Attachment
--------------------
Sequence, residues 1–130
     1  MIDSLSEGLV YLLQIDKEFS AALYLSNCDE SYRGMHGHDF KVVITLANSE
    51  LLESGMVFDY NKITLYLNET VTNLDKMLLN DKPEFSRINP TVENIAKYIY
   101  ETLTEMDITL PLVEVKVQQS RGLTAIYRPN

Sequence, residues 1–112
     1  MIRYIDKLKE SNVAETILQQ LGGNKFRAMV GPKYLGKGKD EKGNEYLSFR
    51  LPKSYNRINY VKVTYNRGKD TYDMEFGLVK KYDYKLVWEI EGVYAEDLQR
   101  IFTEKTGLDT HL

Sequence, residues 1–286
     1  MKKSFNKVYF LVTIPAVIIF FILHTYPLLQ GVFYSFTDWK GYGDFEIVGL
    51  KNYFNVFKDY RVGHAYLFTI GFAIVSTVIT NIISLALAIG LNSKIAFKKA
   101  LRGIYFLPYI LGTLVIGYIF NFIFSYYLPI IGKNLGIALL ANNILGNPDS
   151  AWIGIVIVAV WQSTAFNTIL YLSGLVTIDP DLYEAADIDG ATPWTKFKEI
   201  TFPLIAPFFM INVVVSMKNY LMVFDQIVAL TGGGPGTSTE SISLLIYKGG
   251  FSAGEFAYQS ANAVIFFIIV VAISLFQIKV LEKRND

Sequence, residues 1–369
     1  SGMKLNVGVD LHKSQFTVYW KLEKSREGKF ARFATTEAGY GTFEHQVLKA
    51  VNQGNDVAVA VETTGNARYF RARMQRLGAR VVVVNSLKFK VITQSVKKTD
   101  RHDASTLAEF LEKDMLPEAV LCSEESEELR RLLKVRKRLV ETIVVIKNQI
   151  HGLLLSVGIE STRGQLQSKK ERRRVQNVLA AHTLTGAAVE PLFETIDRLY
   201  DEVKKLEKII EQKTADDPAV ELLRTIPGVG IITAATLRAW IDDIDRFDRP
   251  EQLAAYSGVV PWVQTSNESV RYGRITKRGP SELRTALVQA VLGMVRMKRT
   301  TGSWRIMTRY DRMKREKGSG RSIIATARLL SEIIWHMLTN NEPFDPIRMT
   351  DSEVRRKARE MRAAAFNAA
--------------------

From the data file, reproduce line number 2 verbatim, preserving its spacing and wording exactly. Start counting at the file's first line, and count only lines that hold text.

     1  MIDSLSEGLV YLLQIDKEFS AALYLSNCDE SYRGMHGHDF KVVITLANSE